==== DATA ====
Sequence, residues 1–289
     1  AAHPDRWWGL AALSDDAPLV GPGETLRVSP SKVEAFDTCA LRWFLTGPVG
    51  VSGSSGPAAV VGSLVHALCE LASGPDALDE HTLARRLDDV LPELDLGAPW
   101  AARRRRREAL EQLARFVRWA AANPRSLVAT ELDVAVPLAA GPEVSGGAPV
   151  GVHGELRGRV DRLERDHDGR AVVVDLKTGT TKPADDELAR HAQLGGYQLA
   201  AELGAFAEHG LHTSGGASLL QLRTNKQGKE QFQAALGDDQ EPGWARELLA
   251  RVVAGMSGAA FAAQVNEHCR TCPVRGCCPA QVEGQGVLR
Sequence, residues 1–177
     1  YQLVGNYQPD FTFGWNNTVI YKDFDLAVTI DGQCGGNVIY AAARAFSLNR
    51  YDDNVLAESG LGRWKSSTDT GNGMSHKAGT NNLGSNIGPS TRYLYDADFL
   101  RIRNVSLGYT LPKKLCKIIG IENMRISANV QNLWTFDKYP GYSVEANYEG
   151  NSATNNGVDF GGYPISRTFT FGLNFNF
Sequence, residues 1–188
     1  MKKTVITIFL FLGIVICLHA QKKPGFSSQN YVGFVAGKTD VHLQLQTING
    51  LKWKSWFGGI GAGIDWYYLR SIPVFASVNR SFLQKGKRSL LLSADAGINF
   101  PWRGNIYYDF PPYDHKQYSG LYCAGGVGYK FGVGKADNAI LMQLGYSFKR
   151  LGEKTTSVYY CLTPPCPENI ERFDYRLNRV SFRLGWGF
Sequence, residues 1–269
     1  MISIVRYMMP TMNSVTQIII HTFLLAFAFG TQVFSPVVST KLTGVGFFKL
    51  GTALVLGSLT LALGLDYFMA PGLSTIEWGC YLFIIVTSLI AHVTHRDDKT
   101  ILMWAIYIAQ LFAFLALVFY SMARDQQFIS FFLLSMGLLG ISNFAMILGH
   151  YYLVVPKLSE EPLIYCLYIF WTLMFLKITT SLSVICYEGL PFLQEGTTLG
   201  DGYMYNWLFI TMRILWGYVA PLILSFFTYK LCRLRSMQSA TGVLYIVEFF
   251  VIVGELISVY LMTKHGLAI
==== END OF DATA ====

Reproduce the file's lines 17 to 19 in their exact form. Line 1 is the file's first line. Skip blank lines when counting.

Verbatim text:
   151  LGEKTTSVYY CLTPPCPENI ERFDYRLNRV SFRLGWGF
Sequence, residues 1–269
     1  MISIVRYMMP TMNSVTQIII HTFLLAFAFG TQVFSPVVST KLTGVGFFKL